Place two darners next to each other and between two lazy daisy stitches (See third diagram above). There really are ONLY two darners here -- ignore the shadows on the photograph below. I was focused on the stitching and not the camera's behavior.
Even though the above photo doesn't show it, I think I had those two darners between the lazy daisy stitches.
Now you will add 12 double cast-on drizzle stitches around:
Double cast-on 6 sets of loops (6 loops on each side of the two needles).
Remove one needle and double cast on 2 sets of loops (2 loops on each side of needle).
        [I'm going to interrupt myself here to share a couple of handy-dandy tips.]
The firm pincushion is a big help when making drizzles, but sometimes those needles like to cross as you work. If you slip a pin or another needle between, they will keep their distance, as required.
But it works even better if you have both darner eyes next to each other - this will keep the needles where they belong:
To finish the petal, rethread the darner with both floss strands. Remember to insert a pin through the outer loops as you finish the stitch. This avoids those annoying knots and kinks as you pull the floss through the center of the stitch.
It's also helpful to keep that pin in those outer drizzle loops - you can "size" the drizzle to the length you want. Here I extended the stitch to match the spokes below:
Now you are ready to make the next drizzle. Begin by bringing the needle up
inside the lazy daisy loop AND through the lower (first) drizzle loop. This will help adjust the width of the drizzle, but it will also connect all of the top petals, make them stand upright, and avoid any gaps between petals. See:
I kept that pin in the outer loops so I wouldn't accidently pull the 'petal' down. You could also knot off after each stitch, but life is short; time's a-wastin'...
Iris 114. Edge the center of each cactus blossom with 1-wrap French knots. Add 3, 12-loop up-down drizzles as stamens. (Thanks, Loretta Holzberger of Loretta's Custom Stitchery for this tip! Up-down drizzles keep the stamens upright.)
Boucle 303. Add ground/soil/gravel with straight stitches at the base of the cactus. Cut floss as needed to work with the colors you want.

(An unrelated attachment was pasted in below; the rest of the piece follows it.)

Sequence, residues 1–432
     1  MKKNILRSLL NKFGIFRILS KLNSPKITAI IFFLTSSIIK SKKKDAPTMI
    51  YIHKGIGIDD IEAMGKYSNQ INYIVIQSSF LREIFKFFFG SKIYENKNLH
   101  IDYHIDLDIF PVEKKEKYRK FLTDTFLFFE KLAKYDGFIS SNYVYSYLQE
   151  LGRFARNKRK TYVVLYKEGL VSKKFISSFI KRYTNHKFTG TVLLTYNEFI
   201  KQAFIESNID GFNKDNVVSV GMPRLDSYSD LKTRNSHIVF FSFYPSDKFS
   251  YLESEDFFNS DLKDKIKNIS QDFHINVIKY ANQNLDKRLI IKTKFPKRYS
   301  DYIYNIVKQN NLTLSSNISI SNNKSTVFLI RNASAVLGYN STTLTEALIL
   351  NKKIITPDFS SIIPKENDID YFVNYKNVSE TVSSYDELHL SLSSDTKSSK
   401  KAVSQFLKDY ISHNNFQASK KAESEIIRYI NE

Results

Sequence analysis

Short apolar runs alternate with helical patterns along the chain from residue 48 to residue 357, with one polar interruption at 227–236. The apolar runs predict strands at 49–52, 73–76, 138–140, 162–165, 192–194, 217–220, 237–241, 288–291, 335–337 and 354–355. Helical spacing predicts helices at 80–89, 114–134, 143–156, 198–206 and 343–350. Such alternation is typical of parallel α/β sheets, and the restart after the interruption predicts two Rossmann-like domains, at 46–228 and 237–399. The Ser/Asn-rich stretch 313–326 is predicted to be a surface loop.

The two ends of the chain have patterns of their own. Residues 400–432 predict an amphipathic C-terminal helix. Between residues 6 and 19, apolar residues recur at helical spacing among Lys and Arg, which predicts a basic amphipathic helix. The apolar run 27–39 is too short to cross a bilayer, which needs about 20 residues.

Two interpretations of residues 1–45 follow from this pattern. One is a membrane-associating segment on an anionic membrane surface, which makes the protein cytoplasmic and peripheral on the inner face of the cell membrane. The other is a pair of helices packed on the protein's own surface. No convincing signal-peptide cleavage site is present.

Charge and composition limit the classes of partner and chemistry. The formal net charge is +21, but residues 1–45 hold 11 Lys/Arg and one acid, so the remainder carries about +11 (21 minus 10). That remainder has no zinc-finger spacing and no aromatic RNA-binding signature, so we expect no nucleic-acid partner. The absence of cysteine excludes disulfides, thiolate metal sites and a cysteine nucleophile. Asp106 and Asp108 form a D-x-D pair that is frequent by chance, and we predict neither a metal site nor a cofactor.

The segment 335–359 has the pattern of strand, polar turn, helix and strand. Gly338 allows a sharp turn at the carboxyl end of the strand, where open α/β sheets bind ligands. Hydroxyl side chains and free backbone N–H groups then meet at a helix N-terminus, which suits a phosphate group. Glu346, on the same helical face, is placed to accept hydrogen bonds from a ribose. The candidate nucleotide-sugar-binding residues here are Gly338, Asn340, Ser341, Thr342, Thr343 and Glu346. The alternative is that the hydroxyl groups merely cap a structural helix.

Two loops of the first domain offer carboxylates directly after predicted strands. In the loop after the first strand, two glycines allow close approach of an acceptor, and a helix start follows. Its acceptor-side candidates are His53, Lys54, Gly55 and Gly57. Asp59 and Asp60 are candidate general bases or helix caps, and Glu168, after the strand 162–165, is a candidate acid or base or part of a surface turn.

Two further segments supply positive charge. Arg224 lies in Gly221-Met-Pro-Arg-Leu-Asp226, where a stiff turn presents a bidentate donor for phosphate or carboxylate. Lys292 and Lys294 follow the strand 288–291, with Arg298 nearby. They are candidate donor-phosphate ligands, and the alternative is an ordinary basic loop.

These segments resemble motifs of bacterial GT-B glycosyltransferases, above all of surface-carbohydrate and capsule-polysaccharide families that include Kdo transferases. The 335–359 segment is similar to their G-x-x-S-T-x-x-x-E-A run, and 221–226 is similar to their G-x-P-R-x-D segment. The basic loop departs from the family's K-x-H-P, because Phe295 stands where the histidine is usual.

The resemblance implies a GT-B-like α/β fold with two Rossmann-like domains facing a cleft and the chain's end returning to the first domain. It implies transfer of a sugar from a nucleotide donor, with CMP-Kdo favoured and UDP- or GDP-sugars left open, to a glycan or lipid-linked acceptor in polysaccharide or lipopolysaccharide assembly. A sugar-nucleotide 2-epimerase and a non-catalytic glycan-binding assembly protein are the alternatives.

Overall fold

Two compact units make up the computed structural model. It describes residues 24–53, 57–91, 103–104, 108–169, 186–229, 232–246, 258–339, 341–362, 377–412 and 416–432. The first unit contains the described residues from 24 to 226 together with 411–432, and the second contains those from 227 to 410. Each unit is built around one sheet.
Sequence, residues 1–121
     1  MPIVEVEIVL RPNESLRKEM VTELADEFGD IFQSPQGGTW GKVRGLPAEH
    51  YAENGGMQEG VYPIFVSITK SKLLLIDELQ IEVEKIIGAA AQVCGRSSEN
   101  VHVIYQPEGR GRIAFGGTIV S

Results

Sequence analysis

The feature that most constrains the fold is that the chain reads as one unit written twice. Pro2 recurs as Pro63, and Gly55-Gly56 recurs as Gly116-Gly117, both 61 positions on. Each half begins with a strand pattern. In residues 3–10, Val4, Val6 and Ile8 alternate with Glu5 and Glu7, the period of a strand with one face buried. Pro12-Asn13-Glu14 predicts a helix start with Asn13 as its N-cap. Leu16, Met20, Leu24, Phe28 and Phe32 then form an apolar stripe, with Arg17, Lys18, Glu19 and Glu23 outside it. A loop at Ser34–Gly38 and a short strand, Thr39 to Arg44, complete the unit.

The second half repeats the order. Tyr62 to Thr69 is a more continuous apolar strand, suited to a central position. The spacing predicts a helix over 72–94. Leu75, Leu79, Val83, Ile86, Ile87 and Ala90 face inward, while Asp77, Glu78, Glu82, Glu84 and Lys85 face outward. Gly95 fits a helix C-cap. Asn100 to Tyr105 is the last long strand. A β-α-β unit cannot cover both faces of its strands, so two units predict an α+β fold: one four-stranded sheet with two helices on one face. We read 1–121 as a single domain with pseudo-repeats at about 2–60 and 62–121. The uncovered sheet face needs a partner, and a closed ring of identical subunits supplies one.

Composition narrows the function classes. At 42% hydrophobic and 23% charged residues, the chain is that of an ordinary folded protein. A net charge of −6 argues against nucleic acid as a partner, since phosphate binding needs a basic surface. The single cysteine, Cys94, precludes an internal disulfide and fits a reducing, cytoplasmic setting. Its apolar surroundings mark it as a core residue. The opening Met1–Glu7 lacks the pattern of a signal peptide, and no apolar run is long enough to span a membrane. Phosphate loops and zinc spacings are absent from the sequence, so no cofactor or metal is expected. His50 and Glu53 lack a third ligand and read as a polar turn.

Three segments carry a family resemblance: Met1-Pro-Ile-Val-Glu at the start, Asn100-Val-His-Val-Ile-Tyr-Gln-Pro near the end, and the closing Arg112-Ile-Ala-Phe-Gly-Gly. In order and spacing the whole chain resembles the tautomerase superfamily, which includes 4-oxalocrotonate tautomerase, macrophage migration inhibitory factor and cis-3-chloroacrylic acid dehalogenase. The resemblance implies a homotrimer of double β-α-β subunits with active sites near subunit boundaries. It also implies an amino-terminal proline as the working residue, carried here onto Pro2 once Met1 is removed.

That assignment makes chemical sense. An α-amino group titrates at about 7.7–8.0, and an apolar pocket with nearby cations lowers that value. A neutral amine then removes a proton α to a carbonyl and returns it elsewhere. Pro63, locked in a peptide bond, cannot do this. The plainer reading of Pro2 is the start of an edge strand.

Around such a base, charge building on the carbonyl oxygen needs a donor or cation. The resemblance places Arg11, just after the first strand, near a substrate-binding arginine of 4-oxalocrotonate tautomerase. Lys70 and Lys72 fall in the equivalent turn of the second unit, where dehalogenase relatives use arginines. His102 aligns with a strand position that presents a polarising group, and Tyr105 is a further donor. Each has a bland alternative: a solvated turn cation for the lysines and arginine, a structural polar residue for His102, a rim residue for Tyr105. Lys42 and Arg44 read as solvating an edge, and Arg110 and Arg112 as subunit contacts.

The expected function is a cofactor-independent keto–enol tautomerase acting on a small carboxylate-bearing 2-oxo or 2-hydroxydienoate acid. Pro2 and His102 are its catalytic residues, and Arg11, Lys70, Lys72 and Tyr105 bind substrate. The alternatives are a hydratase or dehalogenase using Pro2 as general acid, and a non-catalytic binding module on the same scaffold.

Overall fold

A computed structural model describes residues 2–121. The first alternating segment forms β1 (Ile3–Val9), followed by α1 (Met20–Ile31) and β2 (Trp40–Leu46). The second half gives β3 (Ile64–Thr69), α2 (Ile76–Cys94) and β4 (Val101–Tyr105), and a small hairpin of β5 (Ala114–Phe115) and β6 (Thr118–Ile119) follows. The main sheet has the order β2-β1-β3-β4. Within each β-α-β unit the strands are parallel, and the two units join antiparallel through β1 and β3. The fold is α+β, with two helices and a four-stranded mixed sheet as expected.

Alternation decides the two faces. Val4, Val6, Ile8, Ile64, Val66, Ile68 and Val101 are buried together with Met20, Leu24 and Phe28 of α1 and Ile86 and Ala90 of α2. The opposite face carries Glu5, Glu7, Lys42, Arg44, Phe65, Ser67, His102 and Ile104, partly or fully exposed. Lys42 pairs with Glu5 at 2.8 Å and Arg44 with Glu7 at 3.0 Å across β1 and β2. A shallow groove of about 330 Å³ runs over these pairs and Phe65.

You can decide to frame your finished embroidery if you like, or you can use it for a fabric postcard or a patch on a crazy quilt, or add it to a wearable item.
I'm also writing a bit about this design on the Facebook group, Brazilian Dimensional Embroidery. It's a great place to visit and share our work, and I hope you can all join the fun over there, too.

          In addition, this design will be published in the August issue of the BDEIG newsletter, The B.E. Wrap-Up. As I wrote earlier, the BDEIG theme for 2015-16 is "Cactus Gardens" and the flower of the year is the Cactus Blossom. Here's mine, all finished:

Speaking of cactus, I discovered a few years ago that there is a cactus called the "Old Man Cactus". So he wouldn't be lonely, I made up a design I named "The Old Man Cactus and the Sweet Young Thing Cactus". Because I sign and date my embroidery, I see that I designed this little piece in 1997. (I'm also including a photo of how I decorated the frame with a strip of ribbon tape.)   Here's a picture.
This 3" x 5" design is framed in a pseudo-pshadow box. I used my acrylic paints to paint the inner frame and the outside.
I also found a piece of ribbon tape trim, which I glued to the outside.
Cuthbert thought it was nice. My friend Erin crocheted these little towelettes for me, but I discovered I have to hide them from The Cat.
Now and then, Cuthbert speaks:
"I am Lion; hear me Roaaaaar" . . . .
...and because I probably just don't have enough pictures here -- the other evening I was stitching and drawing pictures out on our deck. It was still in the 90's, but felt good. I looked up and across the yard saw my pink campanula happily blooming away. So I picked up the camera. (Guess what entertainment you'll get next -- lots of flower photos!!!)
I hope you enjoy the free Brazilian dimensional embroidery design I'm sharing today.  Happy Fourth of July!!